The Formation of the Solar System in 6 minutes! (4K “Ultra HD”)

Bryce: This is the story of our Earth’s
formation four-and-a-half billion years ago, and of a little asteroid called Bennu, who’s
also survived until now. We have the team at NASA to thank for bringing
us this video. NASA narrator: The Milky Way, home to billions
of stars, rising and setting over billions of worlds, including our own. In this vast expanse, how did our Sun, the
Earth, and the planets come to be? In recent decades, our understanding of the
solar system’s evolution has greatly improved, but deep questions remain. To answer those questions, astronomers are
preparing to visit someplace very small: asteroid Bennu. A lump of rock and organic material the early
building blocks of the solar system—of Earth, of us. Bennu is a time capsule, and its journey takes
us way, way back, four-and-a-half billion years. The raw ingredients of Bennu, and our solar
system, originated in a stellar nursery—a vast cloud of hydrogen, helium, and dust. Our own sun doesn’t yet exist.

Nearby are hot stars like this one, quickly
burning up its fuel and destroying itself in a colossal explosion called a supernova. The explosion destabilizes our cloud, causing
it to collapse. In the geologic blink of an eye, 100,000 years,
gravity and angular momentum flatten the cloud into an exploding disc. In the center, where molecules crash together
tightest, a protostar revs up to incredible pressures and temperatures. Deep within the disc, clumps of dust not much
larger than a grain of wheat are flash-heated into droplets of molten rock called chondrules. The source of this heat remains a mystery. Chondrules are destined to become the building
blocks of the solar system. Coaxed by gravity and turbulence, the chondrules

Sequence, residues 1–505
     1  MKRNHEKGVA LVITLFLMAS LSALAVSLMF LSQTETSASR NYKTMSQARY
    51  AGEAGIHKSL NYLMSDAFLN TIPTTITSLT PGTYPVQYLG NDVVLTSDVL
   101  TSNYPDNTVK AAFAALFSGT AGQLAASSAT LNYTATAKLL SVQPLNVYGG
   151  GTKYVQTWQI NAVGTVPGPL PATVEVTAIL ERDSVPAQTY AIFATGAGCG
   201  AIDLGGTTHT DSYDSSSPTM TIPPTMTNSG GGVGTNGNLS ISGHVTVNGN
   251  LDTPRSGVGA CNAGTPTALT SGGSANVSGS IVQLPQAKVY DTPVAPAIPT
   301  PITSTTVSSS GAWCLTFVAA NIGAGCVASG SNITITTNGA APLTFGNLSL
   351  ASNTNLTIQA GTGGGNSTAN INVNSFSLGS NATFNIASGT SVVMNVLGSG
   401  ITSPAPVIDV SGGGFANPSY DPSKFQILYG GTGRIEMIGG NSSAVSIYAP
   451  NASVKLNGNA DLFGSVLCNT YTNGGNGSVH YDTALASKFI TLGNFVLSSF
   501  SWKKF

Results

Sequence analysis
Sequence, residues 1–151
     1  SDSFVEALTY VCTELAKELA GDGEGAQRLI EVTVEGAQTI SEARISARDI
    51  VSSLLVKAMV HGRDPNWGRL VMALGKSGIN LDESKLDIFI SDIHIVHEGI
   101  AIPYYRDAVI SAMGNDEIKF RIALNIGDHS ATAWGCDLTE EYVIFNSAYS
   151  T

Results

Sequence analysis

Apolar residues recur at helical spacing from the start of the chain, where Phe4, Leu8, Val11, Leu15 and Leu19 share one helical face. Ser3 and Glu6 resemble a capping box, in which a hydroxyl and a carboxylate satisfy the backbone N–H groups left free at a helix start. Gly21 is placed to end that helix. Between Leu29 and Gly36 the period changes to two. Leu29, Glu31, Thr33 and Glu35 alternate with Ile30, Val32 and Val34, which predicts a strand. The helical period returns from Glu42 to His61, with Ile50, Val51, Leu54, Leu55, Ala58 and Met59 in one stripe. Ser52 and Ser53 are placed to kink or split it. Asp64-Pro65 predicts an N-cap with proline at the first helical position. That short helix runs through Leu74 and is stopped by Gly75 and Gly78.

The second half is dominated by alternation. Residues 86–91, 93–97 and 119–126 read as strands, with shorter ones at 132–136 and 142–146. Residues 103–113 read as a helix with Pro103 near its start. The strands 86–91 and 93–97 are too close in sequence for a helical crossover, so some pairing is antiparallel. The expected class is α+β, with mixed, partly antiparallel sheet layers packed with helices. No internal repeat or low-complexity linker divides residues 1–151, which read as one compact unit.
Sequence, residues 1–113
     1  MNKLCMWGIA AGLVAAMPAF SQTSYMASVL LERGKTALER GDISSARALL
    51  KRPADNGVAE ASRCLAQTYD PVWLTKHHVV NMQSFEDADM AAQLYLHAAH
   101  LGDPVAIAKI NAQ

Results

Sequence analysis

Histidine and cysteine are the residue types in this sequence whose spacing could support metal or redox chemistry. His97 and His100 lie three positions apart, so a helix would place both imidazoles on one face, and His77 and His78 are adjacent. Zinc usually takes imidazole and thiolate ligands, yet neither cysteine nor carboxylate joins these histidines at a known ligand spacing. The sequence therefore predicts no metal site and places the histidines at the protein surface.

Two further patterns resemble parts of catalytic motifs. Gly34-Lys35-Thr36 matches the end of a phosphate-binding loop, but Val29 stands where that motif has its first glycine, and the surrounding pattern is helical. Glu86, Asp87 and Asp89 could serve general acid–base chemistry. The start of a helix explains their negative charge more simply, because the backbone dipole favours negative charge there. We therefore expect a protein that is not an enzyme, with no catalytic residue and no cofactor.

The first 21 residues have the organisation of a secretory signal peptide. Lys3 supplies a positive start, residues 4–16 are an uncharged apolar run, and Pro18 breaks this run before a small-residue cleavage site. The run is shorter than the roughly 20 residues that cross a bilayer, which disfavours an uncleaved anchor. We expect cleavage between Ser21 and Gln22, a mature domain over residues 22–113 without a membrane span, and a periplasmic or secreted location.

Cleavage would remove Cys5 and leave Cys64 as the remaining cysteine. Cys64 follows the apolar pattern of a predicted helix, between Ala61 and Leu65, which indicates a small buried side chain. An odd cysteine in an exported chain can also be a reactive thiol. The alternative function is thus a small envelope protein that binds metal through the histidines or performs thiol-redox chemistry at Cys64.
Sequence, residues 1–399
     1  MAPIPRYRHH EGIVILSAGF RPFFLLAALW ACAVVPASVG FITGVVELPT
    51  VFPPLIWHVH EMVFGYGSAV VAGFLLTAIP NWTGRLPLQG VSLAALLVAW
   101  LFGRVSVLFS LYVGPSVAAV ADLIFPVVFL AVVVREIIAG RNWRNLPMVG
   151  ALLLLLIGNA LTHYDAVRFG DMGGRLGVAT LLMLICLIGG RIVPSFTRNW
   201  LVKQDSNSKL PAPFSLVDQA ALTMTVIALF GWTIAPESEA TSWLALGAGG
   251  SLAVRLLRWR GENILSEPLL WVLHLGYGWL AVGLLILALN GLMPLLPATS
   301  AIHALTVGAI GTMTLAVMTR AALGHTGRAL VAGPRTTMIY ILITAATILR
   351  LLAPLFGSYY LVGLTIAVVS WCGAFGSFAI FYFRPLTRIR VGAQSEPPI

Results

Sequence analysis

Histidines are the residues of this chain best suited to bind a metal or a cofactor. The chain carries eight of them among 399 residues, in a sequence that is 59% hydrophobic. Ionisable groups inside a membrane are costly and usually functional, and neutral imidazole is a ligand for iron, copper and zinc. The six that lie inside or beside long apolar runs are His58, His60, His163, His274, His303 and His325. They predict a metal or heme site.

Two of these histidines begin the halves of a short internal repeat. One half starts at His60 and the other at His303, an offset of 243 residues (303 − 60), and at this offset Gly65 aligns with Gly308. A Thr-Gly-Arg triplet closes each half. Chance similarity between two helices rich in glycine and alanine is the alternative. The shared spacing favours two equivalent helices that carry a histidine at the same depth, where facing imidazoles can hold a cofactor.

clump. They grow into the first asteroids, into mountains,
into planets. The asteroids are rubble piles of rock, metal,
ice, and organics. This large asteroid is the parent body of
Bennu, a protoplanet whose size we can only guess. Closer to the protostar a planet begins to
form. And then, dawn in the solar system.

The protostar undergoes fusion and ignites,
revealing our sun, but the solar system is far from finished. Jupiter most-likely forms near its outer edge. But just 500 million years after the sun ignites,
some believe that it slowly moves inward, its massive gravity ripples the asteroid belt,
disrupting countless asteroids and comets, flinging them toward the sun. They rain down on the inner planets, hammering
and remelting large portions of their crust. Did these impacts also deliver organics in
water, key ingredients for life. Back in the asteroid belt, Bennu’s parent
body is lucky, it survives this period of heavy bombardment. The solar system cools and calms. Jumper and its many moons assume the orbits
that we see today.

Billions of years of quiet follow, more or
less. Then a billion years ago, one theory suggests,
a collision shatters the protoplanet. Some of the debris loosely coalesces into
a new smaller body: Bennu. But Bennu will not stay in place. Dull, non-reflective, it slowly migrates toward
the sun. Solar heating turns its warm side into a glowing
low-intensity thruster. Through millions of years, Bennu’s orbit
gradually tightens until it interacts with Saturn’s gravity, altering its trajectory
and hurling it into the inner solar system. Close encounters with Earth and Venus follow. Their gravitational tugs may have repeatedly
stretched and reformed Bennu, turning it inside-out and pulling off loose material. As a result, it has no satellites of its own,
until now. Today, NASA is sending a spacecraft called
Osiris Rex to explore Bennu and retrieve a sample. Why? Bennu has survived its long journey and settled
into a near-earth orbit, bringing its secrets within our reach. Now it is ready to teach us more about the
solar system’s history, its formation, its evolution, and our own place among the stars.

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